I met H. (Heidi) L. Burke a few years ago in a writing group. I’ve always loved her stories, and I’m very happy for her success. Back when we first met, she was an epic fantasy fan, and she’s moved into writing some great young adult novels. She loves to crochet while spinning new story ideas around in her head. May I present, H. L. Burke, the writer of fantasy, young adult, middle grade, and steampunk.
Hi, Heidi. It’s a pleasure to have you. I would like to start by asking:
Is there anything you find particularly challenging in fantasy writing as far as content?
Heidi: The world building aspect generally. You plan out how everything works and you double check it for holes and contradictions, but that doesn’t really matter if you can’t find a way to incorporate it into the story that makes sense and doesn’t bore readers to tears. You do too much, it gets info-dumpy and starts to read like a textbook. You do too little, people are confused. My general “fix” is to put in only minimal explanation for anything … then run it by a bunch of beta readers and critique partners to see which parts confuse them and slowly add in things that clarify those points of confusion. Even then I sometimes get caught up in a bit of backstory or magical “flourish” that really isn’t story important. It’s a hard balance.
I agree that finding a balance is the key. Without good world building, the story can fall flat. When you finish a story, do you let the book stew – leave it for a month and then come back to it, or do you start the edits as soon as you type “The End”?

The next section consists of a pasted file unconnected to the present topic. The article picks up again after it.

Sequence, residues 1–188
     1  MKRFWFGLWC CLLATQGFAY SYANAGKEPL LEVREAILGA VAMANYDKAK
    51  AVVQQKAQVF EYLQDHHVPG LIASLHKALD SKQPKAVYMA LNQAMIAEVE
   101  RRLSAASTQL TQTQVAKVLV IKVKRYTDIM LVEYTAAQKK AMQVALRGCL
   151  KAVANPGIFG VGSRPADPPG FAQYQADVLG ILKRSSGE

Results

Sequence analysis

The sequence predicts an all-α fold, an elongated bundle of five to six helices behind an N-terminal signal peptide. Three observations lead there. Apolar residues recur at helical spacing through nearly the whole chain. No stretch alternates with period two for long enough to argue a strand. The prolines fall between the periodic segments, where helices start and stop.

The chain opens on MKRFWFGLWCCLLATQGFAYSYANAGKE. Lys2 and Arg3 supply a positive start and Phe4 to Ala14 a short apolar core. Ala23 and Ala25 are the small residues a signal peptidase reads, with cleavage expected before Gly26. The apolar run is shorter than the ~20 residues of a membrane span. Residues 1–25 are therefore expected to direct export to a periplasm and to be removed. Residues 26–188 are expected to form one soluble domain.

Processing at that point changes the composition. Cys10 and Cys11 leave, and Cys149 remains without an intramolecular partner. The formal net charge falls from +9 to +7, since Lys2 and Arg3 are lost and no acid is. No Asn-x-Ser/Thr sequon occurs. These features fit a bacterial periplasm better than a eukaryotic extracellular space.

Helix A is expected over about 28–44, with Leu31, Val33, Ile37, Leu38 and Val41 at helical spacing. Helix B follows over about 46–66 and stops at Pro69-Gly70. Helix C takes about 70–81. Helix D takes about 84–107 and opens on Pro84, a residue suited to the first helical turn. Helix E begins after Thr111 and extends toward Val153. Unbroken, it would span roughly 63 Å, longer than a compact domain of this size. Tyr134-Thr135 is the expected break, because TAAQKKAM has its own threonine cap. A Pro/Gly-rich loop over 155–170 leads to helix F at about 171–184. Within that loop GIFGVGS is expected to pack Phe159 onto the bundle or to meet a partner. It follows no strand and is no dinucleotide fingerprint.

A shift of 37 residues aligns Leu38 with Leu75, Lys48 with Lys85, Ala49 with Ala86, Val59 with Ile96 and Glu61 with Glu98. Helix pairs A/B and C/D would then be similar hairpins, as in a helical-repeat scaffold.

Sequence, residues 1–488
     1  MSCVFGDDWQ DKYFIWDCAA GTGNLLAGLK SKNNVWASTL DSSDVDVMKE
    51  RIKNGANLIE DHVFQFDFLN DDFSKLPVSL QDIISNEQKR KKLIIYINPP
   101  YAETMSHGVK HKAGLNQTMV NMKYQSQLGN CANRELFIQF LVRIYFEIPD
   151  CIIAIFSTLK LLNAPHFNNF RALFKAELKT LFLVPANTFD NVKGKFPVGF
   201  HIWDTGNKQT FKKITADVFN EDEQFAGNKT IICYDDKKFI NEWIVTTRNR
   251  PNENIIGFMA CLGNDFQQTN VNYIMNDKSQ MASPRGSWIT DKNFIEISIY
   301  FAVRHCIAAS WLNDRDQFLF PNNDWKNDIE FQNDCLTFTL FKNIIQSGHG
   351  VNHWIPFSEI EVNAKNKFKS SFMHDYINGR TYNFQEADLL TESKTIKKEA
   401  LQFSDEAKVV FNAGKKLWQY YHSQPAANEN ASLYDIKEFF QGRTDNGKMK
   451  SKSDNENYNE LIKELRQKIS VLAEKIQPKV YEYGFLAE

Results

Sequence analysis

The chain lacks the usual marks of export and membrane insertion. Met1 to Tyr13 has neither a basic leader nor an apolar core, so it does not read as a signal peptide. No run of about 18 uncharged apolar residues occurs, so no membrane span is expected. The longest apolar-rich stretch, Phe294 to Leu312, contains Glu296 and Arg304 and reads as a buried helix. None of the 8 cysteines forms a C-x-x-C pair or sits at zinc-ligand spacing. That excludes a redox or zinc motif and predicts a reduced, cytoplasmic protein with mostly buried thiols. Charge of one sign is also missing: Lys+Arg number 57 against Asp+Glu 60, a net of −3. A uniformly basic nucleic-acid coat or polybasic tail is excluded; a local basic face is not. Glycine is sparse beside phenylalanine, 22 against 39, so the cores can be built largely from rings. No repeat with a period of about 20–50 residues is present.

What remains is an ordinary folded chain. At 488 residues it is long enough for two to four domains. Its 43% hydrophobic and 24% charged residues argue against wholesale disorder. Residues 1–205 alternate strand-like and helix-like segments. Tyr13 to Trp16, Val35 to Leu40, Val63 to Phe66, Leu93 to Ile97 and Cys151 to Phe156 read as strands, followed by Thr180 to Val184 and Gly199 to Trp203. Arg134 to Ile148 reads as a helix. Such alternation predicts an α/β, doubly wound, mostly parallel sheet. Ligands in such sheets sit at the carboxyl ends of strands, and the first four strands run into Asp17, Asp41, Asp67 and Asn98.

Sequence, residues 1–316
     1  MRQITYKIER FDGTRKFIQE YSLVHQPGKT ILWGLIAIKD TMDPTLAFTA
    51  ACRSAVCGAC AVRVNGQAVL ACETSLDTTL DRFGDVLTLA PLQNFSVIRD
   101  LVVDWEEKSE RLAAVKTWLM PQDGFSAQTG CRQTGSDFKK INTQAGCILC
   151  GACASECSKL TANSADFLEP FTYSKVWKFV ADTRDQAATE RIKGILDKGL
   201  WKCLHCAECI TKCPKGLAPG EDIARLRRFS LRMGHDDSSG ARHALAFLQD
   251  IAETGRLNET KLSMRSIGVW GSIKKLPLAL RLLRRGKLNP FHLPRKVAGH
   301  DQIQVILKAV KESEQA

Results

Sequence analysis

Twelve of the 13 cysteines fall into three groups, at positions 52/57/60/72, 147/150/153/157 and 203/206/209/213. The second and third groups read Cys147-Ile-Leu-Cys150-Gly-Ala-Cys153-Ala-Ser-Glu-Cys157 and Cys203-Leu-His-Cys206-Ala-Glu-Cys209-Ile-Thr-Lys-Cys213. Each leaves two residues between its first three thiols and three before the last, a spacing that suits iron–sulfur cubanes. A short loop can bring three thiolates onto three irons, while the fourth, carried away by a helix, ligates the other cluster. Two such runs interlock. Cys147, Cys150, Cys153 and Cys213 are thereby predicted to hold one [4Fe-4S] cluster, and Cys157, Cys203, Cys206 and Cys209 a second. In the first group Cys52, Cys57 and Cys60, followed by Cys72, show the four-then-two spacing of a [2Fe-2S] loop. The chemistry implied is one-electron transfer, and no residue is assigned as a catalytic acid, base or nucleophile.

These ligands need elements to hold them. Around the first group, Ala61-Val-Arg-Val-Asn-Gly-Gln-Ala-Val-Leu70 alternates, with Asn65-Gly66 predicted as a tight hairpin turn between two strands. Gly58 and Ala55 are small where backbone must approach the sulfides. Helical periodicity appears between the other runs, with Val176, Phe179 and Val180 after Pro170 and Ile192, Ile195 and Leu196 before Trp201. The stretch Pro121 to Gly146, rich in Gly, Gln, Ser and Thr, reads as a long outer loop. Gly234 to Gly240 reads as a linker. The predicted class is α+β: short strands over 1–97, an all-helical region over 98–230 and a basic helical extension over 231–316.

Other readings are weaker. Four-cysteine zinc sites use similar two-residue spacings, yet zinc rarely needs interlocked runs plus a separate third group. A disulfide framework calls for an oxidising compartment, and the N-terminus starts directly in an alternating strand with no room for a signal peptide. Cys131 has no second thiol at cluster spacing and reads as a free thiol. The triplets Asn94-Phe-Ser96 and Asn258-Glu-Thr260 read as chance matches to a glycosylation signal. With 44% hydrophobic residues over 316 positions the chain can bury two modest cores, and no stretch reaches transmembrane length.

Heidi: I’ve never been patient enough for the “wait a month” technique. What I generally do is go through a day or two after “The End” and read it front to back, fixing anything obvious, then once that’s done I immediately seek more input. I usually think my first drafts are mostly perfect. I suffer from over-confidence, for one thing, and for another, if I thought something was bad I wouldn’t have written it that way, so I do usually need someone else to tell me where the weaknesses lie, at least at first. I absolutely hate the “waiting for my beta readers to get back to me” stage, though. I need to know!
I know how you feel. Waiting for feedback is hard. I read new stories while I wait. For your own reading, do you prefer ebooks or traditional paper/hardback books?
Heidi: Up until about a year ago, I’d have said traditional paper/hardback without hesitation. Now, I’m not so sure. I was a late adopter. I didn’t get a smartphone until fairly recently, and I still don’t own an ereader (my husband has a kindle. My kids have a kindle fire.), but I do most of my reading on my phone now. I’ve read a few “physical” books in the last few months, and I didn’t honestly notice any difference in the enjoyment of them compared to the ebooks I had been reading. There was also the inconvenience of ending up somewhere and wanting to read but having forgotten the book, having to lug them everywhere, things like that. I still like having the books. I own a lot of books, but I think of the 30 books I’ve read so far this year (according to Goodreads, and not counting picture books I read my kids) only three or four were the good old fashioned kind.
Reading on your phone is a good idea. I forget the books at home too. A smartphone makes it easier to read book reviews. Do you read your own reviews?
Heidi: I do. I’m very resilient about criticism and undeniably stubborn, so if you leave me a bad review, know that I won’t reply. I won’t mock you publicly, but in my head, I’m giving you sass. Mucho sass. That said, sometimes reviewers have a point, and they often help me figure out what my “target audience” responds to.